Friday

24th Nov 2017

Federalist Verhofstadt to join top table in Brexit talks

  • The former Belgian PM in full swing at the EU parliament (Photo: europarl.europa.eu)

The European Parliament has picked Belgian federalist Guy Verhofstadt to speak for it in the upcoming Brexit negotiations.

The decision, announced by EP political chiefs on Wednesday (8 Thursday), prompted a slight dip in the value of the British pound amid speculation that he will take a hard line.

Thank you for reading EUobserver!

Subscribe now for a 30 day free trial.

  1. €150 per year
  2. or €15 per month
  3. Cancel anytime

EUobserver is an independent, not-for-profit news organization that publishes daily news reports, analysis, and investigations from Brussels and the EU member states. We are an indispensable news source for anyone who wants to know what is going on in the EU.

We are mainly funded by advertising and subscription revenues. As advertising revenues are falling fast, we depend on subscription revenues to support our journalism.

For group, corporate or student subscriptions, please contact us. See also our full Terms of Use.

If you already have an account click here to login.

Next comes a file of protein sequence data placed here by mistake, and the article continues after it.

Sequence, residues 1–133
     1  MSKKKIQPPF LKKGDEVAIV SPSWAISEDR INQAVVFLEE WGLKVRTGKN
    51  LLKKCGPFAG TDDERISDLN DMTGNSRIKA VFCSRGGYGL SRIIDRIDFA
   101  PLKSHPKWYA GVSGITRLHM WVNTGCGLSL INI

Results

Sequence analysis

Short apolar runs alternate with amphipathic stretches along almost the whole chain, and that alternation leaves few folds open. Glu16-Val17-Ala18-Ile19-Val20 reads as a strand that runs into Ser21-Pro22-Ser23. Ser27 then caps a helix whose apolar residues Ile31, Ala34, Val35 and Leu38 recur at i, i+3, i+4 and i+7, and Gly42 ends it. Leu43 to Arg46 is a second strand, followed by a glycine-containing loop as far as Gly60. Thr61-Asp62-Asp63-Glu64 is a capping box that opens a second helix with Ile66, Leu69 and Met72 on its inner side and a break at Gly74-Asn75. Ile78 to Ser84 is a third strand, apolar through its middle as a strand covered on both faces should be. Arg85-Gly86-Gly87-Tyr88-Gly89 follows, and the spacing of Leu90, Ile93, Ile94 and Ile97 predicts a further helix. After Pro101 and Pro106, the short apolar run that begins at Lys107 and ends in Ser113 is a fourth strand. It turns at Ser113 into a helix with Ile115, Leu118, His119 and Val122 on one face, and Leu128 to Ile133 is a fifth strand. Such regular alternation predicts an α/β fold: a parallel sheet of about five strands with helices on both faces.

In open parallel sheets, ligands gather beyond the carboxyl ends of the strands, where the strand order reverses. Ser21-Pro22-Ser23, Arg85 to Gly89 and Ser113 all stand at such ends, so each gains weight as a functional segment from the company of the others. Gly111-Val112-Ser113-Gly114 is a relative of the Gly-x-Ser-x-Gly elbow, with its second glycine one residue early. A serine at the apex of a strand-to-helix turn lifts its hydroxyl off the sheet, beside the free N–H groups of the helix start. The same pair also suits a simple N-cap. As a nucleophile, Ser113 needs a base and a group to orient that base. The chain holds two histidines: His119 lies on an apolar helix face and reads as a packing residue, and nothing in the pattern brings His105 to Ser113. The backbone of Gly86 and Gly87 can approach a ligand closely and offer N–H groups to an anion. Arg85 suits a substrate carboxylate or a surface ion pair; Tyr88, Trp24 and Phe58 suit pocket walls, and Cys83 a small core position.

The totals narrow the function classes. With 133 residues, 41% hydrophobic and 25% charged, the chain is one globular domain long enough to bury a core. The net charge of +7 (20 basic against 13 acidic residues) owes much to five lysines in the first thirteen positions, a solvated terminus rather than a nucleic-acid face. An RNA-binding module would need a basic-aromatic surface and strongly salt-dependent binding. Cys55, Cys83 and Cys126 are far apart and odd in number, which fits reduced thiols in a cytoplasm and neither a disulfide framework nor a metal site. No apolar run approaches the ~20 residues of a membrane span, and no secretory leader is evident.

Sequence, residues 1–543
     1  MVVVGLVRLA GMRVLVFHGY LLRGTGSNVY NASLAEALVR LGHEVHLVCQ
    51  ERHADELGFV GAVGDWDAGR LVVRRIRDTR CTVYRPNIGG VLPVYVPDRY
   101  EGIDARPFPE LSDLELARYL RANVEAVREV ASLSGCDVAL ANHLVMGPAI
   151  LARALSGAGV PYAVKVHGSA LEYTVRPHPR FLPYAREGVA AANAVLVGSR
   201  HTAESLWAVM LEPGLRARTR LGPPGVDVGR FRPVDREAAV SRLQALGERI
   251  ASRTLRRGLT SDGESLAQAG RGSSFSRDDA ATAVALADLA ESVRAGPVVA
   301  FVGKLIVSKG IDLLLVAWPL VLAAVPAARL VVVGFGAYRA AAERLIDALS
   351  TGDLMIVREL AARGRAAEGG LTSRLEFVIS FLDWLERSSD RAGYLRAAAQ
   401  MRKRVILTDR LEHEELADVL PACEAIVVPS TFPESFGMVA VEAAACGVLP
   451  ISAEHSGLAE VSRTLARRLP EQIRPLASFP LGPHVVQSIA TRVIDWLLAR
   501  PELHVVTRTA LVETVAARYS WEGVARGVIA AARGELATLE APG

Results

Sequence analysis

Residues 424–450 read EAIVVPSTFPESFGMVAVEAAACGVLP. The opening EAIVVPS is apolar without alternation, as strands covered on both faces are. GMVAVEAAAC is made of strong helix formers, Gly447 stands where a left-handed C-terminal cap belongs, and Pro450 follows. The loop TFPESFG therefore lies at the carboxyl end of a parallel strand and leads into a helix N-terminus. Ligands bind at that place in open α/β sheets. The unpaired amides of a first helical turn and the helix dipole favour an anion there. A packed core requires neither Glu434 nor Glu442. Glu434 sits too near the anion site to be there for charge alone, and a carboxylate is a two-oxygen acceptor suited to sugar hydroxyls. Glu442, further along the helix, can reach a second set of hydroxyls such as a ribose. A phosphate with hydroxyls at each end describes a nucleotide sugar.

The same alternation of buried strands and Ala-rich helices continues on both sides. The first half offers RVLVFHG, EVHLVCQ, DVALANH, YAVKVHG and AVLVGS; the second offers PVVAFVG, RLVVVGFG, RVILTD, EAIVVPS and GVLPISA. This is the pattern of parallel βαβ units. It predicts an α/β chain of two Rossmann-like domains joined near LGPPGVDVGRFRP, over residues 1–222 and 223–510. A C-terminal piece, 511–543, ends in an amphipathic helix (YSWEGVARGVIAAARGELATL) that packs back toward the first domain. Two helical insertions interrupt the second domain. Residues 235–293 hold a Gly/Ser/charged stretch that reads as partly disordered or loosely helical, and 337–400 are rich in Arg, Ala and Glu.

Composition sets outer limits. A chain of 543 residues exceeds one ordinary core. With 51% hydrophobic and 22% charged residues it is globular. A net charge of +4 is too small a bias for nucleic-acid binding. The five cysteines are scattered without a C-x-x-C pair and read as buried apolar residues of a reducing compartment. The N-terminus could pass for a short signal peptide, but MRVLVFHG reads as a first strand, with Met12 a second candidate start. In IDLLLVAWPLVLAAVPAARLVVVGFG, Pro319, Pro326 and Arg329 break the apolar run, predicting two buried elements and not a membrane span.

The 63-year old former Belgian prime minister, who advocates the creation of a US-type federal state in Europe, will join Michel Barnier, a French former EU commissionner, who is to represent the European Commission, and who has a history of antagonism with the City of London.

Didier Seeuws, a younger Belgian official, will represent the EU Council.

An EU source told EUobserver that the two main EP groups, the centre-right EPP and the centre-left S&D, endorsed Verhofstadt, a liberal, because they liked his handling of pre-referendum UK talks.

“He had a good rapport with [former British PM] Cameron during the negotiations on special status. They disagreed on several issues, but they had the same, plain-speaking style”, the source said.

The UK, prior to holding the referendum in June, had negotiated “special” derogations from EU law.

The EU source added that the liberal Alde group was in line for a top job because the EPP and S&D had dominated other high EU posts.

For his part, Philippe Lamberts, a Belgian MEP who co-chairs the Green group, said Verhofstadt had been chosen by EP leaders because he was a former PM who knew how the EU Council operated and because he was a “convinced European, even if I disagree with him on other issues".

The Brexit talks are expected to start early next year and to revolve around access to the UK for EU workers and access to the single market for British firms.

The EU exit negotiations, the first in history, are uncharted waters.

They will be dominated by member states, but the EP says it has power of co-decision on the new international treaty that is to govern issues such as EU-UK trade.

It also says it has to give “consent,” a majority vote, on a separate treaty enacting the UK’s EU exit, as well as on a third document - a new edition of the EU treaty with all the references to the UK cut out.

“The European Parliament will need to approve a possible agreement on the conditions for the UK’s departure from the EU”, Verhostadt’s group said on Thursday.